The ion-propelled spacecraft Dawn, which took nearly four years to reach the 330-mile-wide space rock, recorded the photos and beamed them to Earth on July 24, 2011.
“Our patience is paying off very handsomely,” said engineer Marc Rayman of NASA’s Jet Propulsion Laboratory and member of the Dawn mission during a televised press briefing. “We’re now exploring one of the last uncharted worlds in the solar system.”
Vesta is the second most massive object in the asteroid belt and has a surface area twice that of the state of California. Researchers think the asteroid formed some 4.6 billion years ago, an age that makes its pockmarked surface a crucial record of the early solar system.
Although the asteroid may harbor evidence of an early supernova that irradiated its surface, Dawn’s controllers are focusing on big and obvious features for now.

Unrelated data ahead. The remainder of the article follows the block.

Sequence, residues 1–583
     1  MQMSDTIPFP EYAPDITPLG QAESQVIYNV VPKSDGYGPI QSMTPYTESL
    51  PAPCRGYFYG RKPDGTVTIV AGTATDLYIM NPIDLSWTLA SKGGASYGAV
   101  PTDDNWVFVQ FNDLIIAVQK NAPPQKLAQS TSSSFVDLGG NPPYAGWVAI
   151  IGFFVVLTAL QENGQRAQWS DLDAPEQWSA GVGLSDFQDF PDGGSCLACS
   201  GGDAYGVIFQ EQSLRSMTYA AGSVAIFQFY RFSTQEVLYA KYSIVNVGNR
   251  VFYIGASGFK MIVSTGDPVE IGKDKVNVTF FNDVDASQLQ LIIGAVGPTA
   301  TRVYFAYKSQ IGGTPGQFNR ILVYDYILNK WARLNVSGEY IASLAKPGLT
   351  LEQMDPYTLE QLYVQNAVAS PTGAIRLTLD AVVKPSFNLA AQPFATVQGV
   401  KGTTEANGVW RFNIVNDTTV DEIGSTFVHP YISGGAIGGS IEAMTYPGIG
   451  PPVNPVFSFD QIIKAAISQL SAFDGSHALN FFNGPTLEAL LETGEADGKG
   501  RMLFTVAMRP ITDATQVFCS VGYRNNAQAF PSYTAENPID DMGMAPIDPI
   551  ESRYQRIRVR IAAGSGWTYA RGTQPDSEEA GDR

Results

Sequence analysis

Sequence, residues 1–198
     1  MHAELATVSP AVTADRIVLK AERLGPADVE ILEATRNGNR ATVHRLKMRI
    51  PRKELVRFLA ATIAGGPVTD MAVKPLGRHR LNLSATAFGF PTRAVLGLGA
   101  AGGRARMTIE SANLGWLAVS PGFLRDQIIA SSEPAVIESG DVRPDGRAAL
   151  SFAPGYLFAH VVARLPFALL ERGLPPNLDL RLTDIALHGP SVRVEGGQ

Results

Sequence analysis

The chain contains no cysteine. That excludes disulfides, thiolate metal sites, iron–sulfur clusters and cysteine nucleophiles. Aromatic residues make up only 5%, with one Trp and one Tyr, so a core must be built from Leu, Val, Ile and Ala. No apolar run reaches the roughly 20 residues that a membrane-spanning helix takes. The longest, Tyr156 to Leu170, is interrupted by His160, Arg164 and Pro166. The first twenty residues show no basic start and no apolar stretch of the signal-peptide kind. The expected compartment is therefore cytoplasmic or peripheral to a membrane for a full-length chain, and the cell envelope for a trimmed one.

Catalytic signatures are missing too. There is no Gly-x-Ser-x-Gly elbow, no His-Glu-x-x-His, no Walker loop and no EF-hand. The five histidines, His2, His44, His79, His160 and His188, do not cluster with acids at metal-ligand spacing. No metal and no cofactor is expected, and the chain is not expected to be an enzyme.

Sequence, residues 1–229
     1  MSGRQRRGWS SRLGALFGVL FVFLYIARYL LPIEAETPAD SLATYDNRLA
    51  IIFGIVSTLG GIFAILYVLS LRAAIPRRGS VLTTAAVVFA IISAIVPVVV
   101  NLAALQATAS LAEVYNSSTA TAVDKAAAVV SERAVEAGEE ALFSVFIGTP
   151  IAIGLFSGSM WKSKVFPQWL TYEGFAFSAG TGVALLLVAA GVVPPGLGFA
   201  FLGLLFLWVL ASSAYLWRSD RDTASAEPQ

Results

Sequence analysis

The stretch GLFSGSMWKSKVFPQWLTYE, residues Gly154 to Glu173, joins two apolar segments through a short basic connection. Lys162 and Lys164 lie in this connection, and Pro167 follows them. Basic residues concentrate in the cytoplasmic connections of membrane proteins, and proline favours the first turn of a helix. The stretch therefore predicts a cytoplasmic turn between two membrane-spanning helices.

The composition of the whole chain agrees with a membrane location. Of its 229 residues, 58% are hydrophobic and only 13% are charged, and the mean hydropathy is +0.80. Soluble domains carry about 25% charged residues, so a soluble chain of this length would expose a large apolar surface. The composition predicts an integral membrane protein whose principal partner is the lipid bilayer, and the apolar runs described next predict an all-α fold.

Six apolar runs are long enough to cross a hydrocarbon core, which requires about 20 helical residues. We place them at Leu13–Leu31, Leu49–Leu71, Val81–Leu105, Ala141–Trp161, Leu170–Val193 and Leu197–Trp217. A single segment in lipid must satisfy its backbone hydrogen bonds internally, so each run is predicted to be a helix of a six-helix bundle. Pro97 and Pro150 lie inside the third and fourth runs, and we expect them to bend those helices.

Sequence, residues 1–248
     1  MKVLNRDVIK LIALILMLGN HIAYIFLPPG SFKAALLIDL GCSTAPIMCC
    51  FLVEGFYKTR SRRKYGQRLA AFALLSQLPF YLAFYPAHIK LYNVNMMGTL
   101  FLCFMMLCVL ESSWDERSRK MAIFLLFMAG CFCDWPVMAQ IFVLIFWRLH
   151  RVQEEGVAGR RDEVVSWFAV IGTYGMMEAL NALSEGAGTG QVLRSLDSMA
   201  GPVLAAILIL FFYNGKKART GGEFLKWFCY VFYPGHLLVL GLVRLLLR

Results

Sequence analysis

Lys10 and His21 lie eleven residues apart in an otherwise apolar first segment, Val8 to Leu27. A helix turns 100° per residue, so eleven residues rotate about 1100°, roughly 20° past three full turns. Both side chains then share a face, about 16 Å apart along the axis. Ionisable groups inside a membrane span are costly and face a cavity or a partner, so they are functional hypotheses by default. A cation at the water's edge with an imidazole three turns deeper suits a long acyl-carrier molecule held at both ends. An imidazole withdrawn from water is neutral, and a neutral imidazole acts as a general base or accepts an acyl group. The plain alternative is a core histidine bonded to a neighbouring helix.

One is a line of three craters that Dawn’s engineers called “the Snowman.” Another is a series of enormous grooves lining Vesta’s dusty equator.
Dawn mission leader and planetary scientist Christopher Russell of the University of California, Los Angeles thinks an ancient and catastrophic impact carved the grooves around Vesta. But he’s less certain about the appearance of the Snowman and other craters lined with black and white material.
“I haven’t seen anything like that before,” Russell said during the briefing.
Dawn snapped the images shown here from a distance of about 3,200 miles, but the spacecraft will soon descend to an orbit about 1,700 miles above the asteroid. NASA expects it to reach that orbit and begin its science mission in earnest on August 11, 2011.
Sometime in August 2012, the spacecraft will fire its engines and head toward Ceres, the biggest object in the asteroid belt. Planetary scientists think they may find evidence of a mud volcanoes on its surface and a liquid ocean below.